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State-sponsored attackers likely used IE hole to target Gmail accounts

2012.06.14 08:18 by Daniela
Tags: Gmail, IE

 

Microsoft and Google have warned about a new Internet Explorer zero-day being exploited to break into GMail accounts. The issue first started to crop up last week at which time, Gmail users that had their accounts breached, were given an alert message upon signing into their account stating that they were potentially a victim of "state sponsored attackers" who were trying to gain access to their gmail account.

The browser flaw, which is currently unpatched, expose Windows users to remote code execution attacks with little or no user action (drive-by downloads if an IE users simply surfs to a rigged site):

"The vulnerability could allow remote code execution if a user views a specially crafted webpage using Internet Explorer. An attacker would have no way to force users to visit such a website. Instead, an attacker would have to convince users to visit the website, typically by getting them to click a link in an email message or Instant Messenger message that takes them to the attacker’s website. The vulnerability affects all supported releases of Microsoft Windows, and all supported editions of Microsoft Office 2003 and Microsoft Office 2007.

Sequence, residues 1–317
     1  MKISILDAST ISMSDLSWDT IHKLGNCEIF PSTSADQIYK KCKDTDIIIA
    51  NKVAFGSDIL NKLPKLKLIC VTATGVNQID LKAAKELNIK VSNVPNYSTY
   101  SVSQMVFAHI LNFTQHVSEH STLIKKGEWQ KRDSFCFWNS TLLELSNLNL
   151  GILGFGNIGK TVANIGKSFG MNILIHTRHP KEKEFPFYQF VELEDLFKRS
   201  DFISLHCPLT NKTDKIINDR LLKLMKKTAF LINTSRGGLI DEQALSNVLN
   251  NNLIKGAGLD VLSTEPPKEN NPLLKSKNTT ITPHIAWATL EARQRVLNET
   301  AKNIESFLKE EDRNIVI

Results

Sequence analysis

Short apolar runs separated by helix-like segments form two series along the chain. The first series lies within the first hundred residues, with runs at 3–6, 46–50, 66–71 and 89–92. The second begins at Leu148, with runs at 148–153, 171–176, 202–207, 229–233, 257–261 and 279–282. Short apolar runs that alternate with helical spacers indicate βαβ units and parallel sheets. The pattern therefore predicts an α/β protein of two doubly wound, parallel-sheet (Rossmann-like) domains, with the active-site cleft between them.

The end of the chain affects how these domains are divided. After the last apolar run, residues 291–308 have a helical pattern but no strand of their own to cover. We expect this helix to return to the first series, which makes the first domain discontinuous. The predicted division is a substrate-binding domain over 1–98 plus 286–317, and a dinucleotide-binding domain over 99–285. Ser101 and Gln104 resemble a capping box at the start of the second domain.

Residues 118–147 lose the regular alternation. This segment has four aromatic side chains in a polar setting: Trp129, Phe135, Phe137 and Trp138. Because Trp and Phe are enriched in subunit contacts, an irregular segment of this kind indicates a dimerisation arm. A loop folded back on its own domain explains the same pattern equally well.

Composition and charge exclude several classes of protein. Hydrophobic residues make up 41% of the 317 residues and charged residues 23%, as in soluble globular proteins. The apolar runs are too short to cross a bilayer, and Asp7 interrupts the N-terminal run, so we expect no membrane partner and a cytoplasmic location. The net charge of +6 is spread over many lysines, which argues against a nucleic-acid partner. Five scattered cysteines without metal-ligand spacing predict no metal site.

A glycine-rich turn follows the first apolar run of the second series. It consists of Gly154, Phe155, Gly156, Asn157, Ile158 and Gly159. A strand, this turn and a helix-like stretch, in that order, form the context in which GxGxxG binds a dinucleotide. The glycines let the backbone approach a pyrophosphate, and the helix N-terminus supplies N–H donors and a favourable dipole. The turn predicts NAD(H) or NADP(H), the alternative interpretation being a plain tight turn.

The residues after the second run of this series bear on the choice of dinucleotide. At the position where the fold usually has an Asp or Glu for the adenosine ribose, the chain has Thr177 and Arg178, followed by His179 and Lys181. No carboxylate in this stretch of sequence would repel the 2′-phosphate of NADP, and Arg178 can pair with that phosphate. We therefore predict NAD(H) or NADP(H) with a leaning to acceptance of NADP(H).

The vulnerability exists when MSXML attempts to access an object in memory that has not been initialized, which may corrupt memory in such a way that an attacker could execute arbitrary code in the context of the logged-on user."

In its security advisory on the issue, Microsoft acknowledges the Google Security Team for working with the company on the MSXML Uninitialized Memory Corruption Vulnerability. Microsoft also thanks a Chinese security team, Qihoo 360 Security Center, for reporting the vulnerability.

Read more -here-

 

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